If you’ve been working or learning from home a lot recently due to local lockdowns, you might have noticed something strange about your internet connection.
Your 4G or LTE data from your phone is often faster than your home Wi Fi.
You would probably expect this to be the other way around, especially since your Wi Fi router relies on a fixed-line broadband connection, rather than having to connect to the nearest 4G tower.
And for most of the UK, it’s true that Wi Fi will generally be faster than mobile data.
However, if your fixed-line broadband connection isn’t as fast as your phone internet, you’re not alone.
Why is Wi Fi sometimes slower than mobile broadband?
Phillip, one of our readers, explained why he was looking at getting a dongle:
“I am at the end of a copper line and my speeds are 0.29 to 3.00 mbps. I am also at the end of my tether as no fibre yet.”
For Philip, and thousands of other Brits, fixed-line broadband is slower than using mobile data.
This is because the local broadband infrastructure isn’t up to scratch.
It’s quite simple really: if you can only get slow broadband speeds in your local area, but there is good 4G/5G coverage nearby, then your phone internet might be faster.
I pay for fast broadband – why is my Wi Fi slower than my phone 4G?
However, it’s also possible to have good local broadband infrastructure and still have slow home broadband speeds.
If you’re not getting the speeds you’re paying for, there are a few different problems that could be causing the issue:
- An outdated router, causing slow Wi Fi.
- Lots of people in your household getting online at the same time, slowing everything down.
- High peak period internet use in your neighbourhood, throttling your speeds.
To learn more about improving your Wi Fi speeds, read our internet speed improvement guide.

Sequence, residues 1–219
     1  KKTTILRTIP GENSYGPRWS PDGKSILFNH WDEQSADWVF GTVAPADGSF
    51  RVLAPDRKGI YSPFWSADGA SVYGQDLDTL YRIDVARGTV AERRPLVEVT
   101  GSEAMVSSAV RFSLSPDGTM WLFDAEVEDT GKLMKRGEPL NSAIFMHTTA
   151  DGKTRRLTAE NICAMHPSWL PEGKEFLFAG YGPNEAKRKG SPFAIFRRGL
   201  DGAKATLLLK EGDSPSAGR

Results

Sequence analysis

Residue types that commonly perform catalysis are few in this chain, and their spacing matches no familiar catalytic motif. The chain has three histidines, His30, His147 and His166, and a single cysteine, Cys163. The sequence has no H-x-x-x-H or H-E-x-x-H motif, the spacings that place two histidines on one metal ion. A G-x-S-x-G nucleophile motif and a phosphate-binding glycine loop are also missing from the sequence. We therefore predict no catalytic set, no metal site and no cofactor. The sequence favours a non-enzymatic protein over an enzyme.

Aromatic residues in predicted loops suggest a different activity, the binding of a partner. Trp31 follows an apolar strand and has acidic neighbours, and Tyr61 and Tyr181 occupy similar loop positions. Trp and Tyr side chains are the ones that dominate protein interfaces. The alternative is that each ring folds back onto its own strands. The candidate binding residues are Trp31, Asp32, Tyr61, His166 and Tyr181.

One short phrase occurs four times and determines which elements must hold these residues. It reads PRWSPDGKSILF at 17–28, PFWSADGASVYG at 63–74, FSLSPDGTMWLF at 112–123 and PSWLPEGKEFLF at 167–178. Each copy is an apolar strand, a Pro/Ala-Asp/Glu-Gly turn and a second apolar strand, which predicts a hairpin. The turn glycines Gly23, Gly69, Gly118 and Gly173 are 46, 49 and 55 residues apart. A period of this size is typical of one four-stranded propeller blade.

What else can I do to get faster Wi Fi?
Apart from the internet speed improvements in the guide we just mentioned, there are some other ways to make your Wi Fi faster again.
- See if you can upgrade your plan. If you have extremely slow speeds, it could be due to poor local infrastructure. Or, it could be because your broadband package isn’t fast enough. This is more likely to be the case if you’ve been on the same plan for a long time, because internet service providers (ISPs) used to sell much slower broadband connections in the past.
- Contact your provider to complain. This is the best option if you know you’re not getting the speeds you’re paying for, because your ISP is obligated to help you fix the issue.
In truth, unless you live in a rural area with very poor broadband speeds, you should get using your fixed-line connection to get online, because it will normally offer a more stable connection. Therefore, it’s worth doing everything you can to ensure that your home Wi Fi is as fast as possible.
Can I use my phone internet all the time?
In theory, there is nothing wrong with using your phone internet all the time if it’s faster than what you can get with fixed-line broadband. To do this, you can tether your phone to your laptop or create a mobile hotspot to connect to other devices.
There are just a few things to consider before you begin doing this.
First, ensure you have enough data. All broadband plans sold these days have no data cap, because with the amount of video streaming we do today, any data limit would be hit very quickly by most households. You might want to consider getting an unlimited data SIM or mobile plan if you don’t have one already.
Second, ensure that the connection is consistent. While 4G/5G might be faster than your home Wi Fi, you might have problems with your internet dropping out, especially during bad weather. To test your connection, run a tool like Ping Plotter and see how often you face ping spikes or complete internet dropouts.
Finally, think about how you’ll connect your different devices to the internet. If you’re online all the time at home, you might not want to rely on just your phone’s tethering. This is why dongles are so popular. EE also makes a wireless 4G router, so you don’t ever have to worry about tethering or connecting to a dongle before getting online at home.
About the author
Tyler built his first PC at the age of 12, and since then, he’s become obsessed with all things networking and internet-related. He’s a massive gamer, loves Rocket League, and also plays Sunday League football.